C. Wayne Jones, Ph.D.
Tara Byers, M.S., N.C.C.
Thursday, February 6th, 2014, Philhaven, Mt. Gretna, PA
Friday, February 7th, 2014, NHS, Colmar, PA
$125, 6.0 CE
This workshop identifies the common challenges of parenting in multi-stressed families. These caregivers, often having traumatic family histories, become easily overwhelmed by the day-to-day management tasks of nurturing and guiding their children. They may not be familiar with the basic principles of good parenting, may not feel comfortable with the “executive” role, may feel alone, and may be in chronic conflict with their partners.
This workshop begins with a review of the big picture on parenting and child development, reviewing current findings on the types of parenting practices that strengthen children’s resiliency. Major focus is then given to how caregivers come to embrace a parent identity and how therapists can facilitate this process. A distinction is made between parenting and being a “parent.” Strategies are also provided for fostering greater comfort with the executive or leadership aspects of the parenting role. The afternoon portion of this workshop is devoted to caregivers’ relationships with one another – the co-parenting alliance. Three maladaptive co-caregiving patterns commonly found among multi-stressed families are identified, along with the predictable challenges, family dynamics, agency interactions, and “traps” for therapists that are associated with them. Strategies are highlighted for engaging the under-involved parent and constructively managing inter-parental conflict in sessions.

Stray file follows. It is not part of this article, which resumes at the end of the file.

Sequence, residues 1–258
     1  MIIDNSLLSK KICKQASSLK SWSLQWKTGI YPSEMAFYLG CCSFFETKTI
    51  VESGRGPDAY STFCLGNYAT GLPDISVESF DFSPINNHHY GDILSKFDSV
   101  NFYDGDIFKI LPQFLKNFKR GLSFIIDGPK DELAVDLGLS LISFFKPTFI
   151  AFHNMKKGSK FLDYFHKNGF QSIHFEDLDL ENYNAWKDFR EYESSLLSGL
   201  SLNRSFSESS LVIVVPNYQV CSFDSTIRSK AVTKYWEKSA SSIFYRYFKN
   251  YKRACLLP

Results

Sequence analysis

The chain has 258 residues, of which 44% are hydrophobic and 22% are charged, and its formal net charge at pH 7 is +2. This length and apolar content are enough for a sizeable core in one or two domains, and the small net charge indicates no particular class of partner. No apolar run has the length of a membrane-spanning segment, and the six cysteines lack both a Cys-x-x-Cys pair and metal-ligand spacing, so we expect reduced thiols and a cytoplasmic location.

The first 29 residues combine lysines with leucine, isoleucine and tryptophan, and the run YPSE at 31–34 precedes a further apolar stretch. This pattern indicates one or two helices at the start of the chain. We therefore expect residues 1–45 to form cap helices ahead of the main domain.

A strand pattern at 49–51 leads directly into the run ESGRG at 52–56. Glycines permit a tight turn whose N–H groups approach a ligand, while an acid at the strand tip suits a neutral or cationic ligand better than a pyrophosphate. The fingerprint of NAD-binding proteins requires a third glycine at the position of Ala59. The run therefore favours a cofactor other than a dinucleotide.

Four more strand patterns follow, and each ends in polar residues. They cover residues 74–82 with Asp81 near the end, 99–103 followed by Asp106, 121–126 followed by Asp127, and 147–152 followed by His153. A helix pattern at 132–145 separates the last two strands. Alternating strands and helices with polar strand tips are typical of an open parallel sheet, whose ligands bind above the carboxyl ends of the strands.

This workshop is designed to help you: 1) identify parent-child interactions which promote or constrain the development of social-emotional competence, 2) explain the processes that help caregivers move toward adopting a parent identity, 3) practice methods for helping parents take an executive or leadership role with their children, 4) describe the nature of a co-caregiver alliance and reasons it is important, 5) recognize and distinguish between three common dysfunctional co-caregiver relationship patterns, and 6) facilitate team work and positive communication between caregivers on behalf of children.